Poplar Bluff, Missouri facts for kids

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Poplar Bluff, Missouri
City
Rodgers Theatre Building (Art Deco architecture)
Rodgers Theatre Building (Art Deco architecture)
Nickname(s): Gateway to the Ozarks, Little Chicago, The Bluff, PB
Motto: A Community of Opportunity
Location of Poplar Bluff, Missouri
Location of Poplar Bluff, Missouri
Country United States
State Missouri
County Butler
Area
 • Total 12.98 sq mi (33.62 km2)
 • Land 12.91 sq mi (33.44 km2)
 • Water 0.07 sq mi (0.18 km2)
Elevation 361 ft (110 m)
Population (2010)
 • Total 17,023
 • Estimate (2012) 17,169
 • Density 1,318.6/sq mi (509.1/km2)
Time zone Central (CST) (UTC-6)
 • Summer (DST) CDT (UTC-5)
ZIP codes 63901-63902
Area code(s) 573
FIPS code 29-59096
GNIS feature ID 0751712
Website www.poplarbluff-mo.gov

Poplar Bluff is a small city in Butler County in Southeast Missouri in the United States. It is the county seat of Butler County and is known as "The Gateway to the Ozarks" among other names. The population was 17,023 at the 2010 census.

The Poplar Bluff Micropolitan Statistical Area consists of all of Butler County. The city is at the crossroads of U.S. Route 60 and U.S. Route 67.

Geography

Poplar Bluff is located at 36°45′25″N 90°23′34″W / 36.75694°N 90.39278°W / 36.75694; -90.39278 (36.756944, −90.392778), along the Black River. According to the United States Census Bureau, the city has a total area of 12.98 square miles (33.62 km2), of which, 12.91 square miles (33.44 km2) is land and 0.07 square miles (0.18 km2) is water.

Poplar Bluff takes its name from a bluff that overlooks Black River. When first settled, the bluff was covered with tulip poplar trees. The Butler County Courthouse and the offices of the city's Daily American Republic newspaper sit on this site. Poplar Bluff lies along an escarpment separating the Ozark Foothills from the Mississippi embayment in Southeast Missouri. The foothills lie to the north and west and the embayment is to the south and east. The surrounding area is commonly known as the "Three Rivers" with many local organizations and businesses using the name. The three rivers—Current River, Black River, and St. Francis River—are 40 miles apart with Poplar Bluff located in the center on the Black River.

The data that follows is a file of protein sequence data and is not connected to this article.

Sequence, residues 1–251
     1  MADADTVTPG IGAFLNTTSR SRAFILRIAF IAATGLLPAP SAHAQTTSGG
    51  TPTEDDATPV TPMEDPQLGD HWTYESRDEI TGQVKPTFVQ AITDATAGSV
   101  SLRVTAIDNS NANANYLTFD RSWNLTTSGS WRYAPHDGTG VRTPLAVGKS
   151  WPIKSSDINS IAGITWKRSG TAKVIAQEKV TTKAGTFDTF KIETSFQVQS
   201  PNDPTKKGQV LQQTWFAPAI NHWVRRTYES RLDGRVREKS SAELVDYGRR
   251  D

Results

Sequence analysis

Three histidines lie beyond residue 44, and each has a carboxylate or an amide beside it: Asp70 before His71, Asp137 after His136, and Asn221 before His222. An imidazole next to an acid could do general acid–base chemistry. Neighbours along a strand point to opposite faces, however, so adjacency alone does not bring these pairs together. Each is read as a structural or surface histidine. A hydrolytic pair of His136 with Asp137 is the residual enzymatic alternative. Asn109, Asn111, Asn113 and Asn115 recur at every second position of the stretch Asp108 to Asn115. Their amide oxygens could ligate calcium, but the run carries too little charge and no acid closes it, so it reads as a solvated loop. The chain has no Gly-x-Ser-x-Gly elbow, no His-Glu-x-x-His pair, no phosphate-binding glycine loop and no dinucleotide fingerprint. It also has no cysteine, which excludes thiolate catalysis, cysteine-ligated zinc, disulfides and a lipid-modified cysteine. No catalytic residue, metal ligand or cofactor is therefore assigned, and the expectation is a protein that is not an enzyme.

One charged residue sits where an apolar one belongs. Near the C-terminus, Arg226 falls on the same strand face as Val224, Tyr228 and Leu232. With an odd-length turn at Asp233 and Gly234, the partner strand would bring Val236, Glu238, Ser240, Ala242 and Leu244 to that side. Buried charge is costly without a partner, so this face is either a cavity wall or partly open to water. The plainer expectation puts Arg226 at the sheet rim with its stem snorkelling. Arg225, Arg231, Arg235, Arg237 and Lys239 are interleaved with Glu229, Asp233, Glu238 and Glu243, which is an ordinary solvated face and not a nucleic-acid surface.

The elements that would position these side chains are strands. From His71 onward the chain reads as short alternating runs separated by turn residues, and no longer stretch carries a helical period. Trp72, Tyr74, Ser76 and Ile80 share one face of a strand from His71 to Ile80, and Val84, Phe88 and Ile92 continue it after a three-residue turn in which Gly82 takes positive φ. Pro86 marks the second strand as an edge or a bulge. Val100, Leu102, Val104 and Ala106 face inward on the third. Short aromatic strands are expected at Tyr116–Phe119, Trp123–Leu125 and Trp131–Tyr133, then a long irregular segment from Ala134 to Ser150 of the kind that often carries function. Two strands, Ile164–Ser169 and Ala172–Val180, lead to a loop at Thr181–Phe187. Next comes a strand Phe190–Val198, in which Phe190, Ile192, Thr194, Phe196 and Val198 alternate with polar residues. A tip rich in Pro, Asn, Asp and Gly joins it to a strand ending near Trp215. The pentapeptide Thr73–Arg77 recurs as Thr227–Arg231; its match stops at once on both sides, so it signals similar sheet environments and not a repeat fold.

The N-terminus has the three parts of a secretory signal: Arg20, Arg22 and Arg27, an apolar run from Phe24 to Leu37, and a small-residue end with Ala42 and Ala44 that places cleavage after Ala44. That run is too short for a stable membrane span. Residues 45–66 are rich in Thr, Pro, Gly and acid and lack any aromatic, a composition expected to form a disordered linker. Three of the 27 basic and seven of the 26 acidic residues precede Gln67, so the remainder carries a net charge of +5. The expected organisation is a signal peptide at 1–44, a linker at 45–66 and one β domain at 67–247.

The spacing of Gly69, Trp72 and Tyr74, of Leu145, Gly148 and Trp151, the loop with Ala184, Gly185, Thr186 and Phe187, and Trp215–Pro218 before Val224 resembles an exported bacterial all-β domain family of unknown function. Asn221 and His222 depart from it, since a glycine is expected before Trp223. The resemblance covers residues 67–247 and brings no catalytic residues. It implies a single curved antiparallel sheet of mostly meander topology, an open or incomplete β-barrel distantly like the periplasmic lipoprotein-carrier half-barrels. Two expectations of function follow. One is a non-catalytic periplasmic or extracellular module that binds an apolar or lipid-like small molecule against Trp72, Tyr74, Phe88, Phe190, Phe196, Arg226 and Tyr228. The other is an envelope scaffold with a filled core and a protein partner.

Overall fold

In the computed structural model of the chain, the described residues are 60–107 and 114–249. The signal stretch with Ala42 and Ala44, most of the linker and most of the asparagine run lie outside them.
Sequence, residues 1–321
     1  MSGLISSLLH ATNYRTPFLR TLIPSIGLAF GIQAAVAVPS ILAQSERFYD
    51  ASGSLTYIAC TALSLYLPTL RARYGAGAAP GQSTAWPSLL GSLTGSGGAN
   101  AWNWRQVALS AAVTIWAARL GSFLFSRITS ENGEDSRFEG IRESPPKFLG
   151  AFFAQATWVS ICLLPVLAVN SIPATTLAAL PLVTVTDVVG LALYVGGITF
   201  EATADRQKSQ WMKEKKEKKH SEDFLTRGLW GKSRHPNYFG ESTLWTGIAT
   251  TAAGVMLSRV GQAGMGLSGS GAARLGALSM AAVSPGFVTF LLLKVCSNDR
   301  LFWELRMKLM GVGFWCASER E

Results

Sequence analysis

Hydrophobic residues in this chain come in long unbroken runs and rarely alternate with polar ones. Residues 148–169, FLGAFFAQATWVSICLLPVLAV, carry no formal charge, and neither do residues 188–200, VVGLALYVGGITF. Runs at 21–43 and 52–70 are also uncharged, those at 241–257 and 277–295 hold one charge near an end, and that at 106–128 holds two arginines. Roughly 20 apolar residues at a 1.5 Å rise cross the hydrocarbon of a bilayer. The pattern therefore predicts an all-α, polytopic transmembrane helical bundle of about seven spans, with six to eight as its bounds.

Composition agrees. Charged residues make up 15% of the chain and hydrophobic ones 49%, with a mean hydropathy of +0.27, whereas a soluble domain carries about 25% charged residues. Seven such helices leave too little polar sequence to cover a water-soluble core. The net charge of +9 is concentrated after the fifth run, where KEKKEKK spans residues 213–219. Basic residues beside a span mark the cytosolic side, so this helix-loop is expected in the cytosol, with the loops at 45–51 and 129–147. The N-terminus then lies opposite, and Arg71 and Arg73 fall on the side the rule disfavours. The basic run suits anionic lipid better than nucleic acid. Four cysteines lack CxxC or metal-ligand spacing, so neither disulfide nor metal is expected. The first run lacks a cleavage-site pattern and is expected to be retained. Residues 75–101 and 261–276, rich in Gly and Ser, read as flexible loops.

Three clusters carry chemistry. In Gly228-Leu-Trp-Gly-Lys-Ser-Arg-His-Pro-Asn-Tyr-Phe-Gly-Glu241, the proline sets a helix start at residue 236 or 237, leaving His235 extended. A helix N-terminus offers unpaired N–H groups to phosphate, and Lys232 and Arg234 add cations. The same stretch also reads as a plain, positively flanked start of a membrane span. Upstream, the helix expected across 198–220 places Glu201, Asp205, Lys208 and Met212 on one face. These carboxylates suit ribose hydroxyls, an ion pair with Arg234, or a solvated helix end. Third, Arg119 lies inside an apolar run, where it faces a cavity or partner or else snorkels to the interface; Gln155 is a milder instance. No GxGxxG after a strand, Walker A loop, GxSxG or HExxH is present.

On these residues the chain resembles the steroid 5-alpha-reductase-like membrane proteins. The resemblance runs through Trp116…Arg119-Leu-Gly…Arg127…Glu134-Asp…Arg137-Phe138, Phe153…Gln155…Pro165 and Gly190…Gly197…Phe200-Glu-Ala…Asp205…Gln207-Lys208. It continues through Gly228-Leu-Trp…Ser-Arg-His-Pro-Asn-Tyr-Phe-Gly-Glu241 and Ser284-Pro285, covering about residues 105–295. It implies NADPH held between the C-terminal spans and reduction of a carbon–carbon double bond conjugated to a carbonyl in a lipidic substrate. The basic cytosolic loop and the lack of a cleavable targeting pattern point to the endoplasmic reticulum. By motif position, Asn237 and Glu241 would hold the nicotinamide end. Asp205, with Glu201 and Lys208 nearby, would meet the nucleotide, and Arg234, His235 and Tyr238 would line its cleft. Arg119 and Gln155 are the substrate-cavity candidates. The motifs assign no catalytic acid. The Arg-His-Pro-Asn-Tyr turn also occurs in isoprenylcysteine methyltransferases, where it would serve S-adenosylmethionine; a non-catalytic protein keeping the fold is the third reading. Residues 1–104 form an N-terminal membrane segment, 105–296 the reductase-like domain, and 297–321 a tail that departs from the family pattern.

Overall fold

History

The French were the first Europeans to assert any territorial rights over the Poplar Bluff area. The French held the area until 1770 when it was ceded by treaty to Spain. Spain held the area until 1802 when it was returned to France. During this time the area of Poplar Bluff, as well as all of Butler County, held almost no European settlements until 1819, when the first white settler family moved into the Poplar Bluff area. It was reported that about 300 Native Americans resided in the area at that time.

The earliest permanent settlements in what is now Butler County occurred in the early 19th century along the Natchitoches Trail, an old Native American Trail west of what is now Poplar Bluff on Ten Mile Creek and Cane Creek. Butler County was organized in 1849 and Poplar Bluff was chosen as the county seat. In 1855 the first courthouse was built and the town grew. On February 9, 1870, Poplar Bluff was incorporated. The Ward Plantation was established as the largest and longest slave plantation in the State of Missouri, founded by Ephraim Ward in 1829 and continued until the end of the civil war in 1865. After the Civil War, Rutherford Ward founded the 1st Bank of Missouri and converted the Ward Plantation into Ward Estate where they focused on farming. It was passed down to his son Wiley Ward who during a time of great prosperity bought most of the town and became its benefactor. After he died it was willed to his son, the industrialist farmer Dewey H. Ward, who in 1986 gifted the house and property to the state and town so it could be converted to a museum showcasing all major events in Poplar Bluff.

In 1927 a tornado leveled most of the city, especially the original business district along Main and Broadway streets.